Message from Michael Di Grappa, Vice-Principal
(Administration and Finance)
Earlier this morning, just before 9 a.m., we asked the Montreal police to evict the nine remaining protestors that had been occupying the sixth-floor offices of James Building since Tuesday morning.
For the eviction, standard police procedure was followed. First, McGill security personnel read the occupiers a formal eviction notice in the presence of police. The occupiers were told they had five minutes to collect their belongings and leave the building of their own accord, or the police would physically remove them. They were also informed that if the police had to physically remove them, the police could charge them with resisting arrest. Police do not lay charges for resisting arrest if protestors leave of their own accord. The police did not wear protective gear, such as helmets, or carry shields or batons.
All the protestors walked out of the building and off campus peacefully.
The occupiers were offered first aid and assistance, food and also the contact for counseling services in the event they needed to talk with someone. They gave the security agents a letter of apology to the staff who work in this area.
Many of you have asked the senior administration to explain the reasoning behind the decisions that we make, particularly on difficult issues such as these where opinion is strongly divided.
We did not feel that it was fair to the people who work in the building or who work on the security team to keep the building open. Recent events have made many people in James very nervous about their work space being taken over unexpectedly and without their consent. We felt that the presence of occupiers could also attract further demonstrations in front of the James Building, as it has this past week, and possibly preventing staff, students and professors from entering or leaving the building, as has happened with recent demonstrations.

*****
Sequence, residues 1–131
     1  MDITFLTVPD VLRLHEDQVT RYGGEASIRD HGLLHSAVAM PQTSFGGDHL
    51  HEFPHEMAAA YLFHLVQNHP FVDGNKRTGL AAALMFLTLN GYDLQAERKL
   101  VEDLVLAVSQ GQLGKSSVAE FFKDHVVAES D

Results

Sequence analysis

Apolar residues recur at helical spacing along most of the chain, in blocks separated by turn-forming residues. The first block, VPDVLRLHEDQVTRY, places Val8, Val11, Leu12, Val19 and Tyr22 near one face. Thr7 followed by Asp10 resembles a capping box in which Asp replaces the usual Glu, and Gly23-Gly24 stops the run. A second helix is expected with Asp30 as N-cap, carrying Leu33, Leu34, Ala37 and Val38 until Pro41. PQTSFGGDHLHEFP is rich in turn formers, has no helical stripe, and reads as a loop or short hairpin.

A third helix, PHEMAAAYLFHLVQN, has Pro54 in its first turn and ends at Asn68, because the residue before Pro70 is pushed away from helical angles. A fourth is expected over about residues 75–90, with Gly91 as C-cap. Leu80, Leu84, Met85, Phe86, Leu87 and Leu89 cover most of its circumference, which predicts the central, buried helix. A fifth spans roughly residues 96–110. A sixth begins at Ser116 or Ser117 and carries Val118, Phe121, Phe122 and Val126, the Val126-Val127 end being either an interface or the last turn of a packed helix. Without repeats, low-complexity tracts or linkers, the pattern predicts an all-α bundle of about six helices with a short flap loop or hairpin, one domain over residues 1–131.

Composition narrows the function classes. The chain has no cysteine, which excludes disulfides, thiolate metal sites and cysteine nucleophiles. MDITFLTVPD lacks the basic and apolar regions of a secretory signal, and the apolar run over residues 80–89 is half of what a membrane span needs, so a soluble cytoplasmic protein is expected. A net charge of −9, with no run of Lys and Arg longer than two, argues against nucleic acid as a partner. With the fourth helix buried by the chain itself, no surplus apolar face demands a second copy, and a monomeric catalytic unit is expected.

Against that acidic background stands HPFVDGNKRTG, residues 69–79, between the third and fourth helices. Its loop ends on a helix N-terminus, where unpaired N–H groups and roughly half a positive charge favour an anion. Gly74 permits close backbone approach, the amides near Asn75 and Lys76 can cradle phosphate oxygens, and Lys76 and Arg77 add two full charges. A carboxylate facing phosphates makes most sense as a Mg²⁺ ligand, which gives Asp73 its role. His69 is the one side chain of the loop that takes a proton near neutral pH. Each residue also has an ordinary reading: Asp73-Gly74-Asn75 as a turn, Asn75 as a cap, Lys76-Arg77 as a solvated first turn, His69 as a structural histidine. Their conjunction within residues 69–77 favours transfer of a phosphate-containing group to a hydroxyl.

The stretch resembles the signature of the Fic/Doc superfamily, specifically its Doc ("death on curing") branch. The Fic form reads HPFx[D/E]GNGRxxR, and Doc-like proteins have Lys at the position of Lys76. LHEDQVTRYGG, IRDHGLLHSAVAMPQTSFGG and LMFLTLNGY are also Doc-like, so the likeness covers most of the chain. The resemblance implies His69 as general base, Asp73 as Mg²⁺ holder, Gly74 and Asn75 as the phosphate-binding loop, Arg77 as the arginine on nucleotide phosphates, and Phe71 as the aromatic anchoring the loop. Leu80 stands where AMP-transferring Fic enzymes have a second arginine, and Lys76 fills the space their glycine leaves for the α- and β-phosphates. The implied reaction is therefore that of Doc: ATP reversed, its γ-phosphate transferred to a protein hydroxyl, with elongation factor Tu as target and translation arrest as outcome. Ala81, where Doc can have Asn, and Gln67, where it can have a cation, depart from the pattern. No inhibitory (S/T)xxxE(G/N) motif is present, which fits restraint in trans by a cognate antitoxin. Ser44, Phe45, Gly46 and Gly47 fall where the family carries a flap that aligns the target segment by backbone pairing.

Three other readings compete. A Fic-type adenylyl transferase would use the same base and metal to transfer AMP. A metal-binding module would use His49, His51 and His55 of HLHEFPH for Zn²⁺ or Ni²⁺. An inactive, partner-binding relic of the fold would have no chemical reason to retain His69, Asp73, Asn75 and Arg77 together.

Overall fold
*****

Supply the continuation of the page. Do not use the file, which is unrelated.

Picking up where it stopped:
Keeping the building open also posed the risk that the occupation would spread to other offices. On Thursday, the protestors initially agreed to leave another sixth-floor office after meeting with Professor Nicell but then occupied the office, so I believe the risk of an expanding occupation was real.
University activities had been obstructed for five days, and after many attempts to talk to the protestors about leaving the building peacefully, tactics to make the protestors uncomfortable in the space and after discussion of other options, we were no closer to a resolution. We do not believe that negotiations on key matters concerning the university should take place under occupation or threat of occupation. For example, negotiations on the referendum need to take place with QPIRG only, not the occupiers (CKUT and the administration had an agreement). Therefore, we were prepared to talk only about how the occupiers might leave, while the occupiers wanted to negotiate only on their demands.
Yesterday, the protestors told Professor Nicell that they were disconnecting the land line we provided and would not talk any more.
At the same time, it became unfeasible to enter another week without use of the building to conduct the work of the University. Members of the senior administration decided that activities at the James Building should resume Monday morning, and that a full day would be needed to clean the building in preparation for McGill employees to return to work.
The decision to evict the occupiers was a tough choice. Everyone involved in the decision wishes that this could have ended sooner, voluntarily, and without police intervention. We are very glad to see that the eviction went peacefully.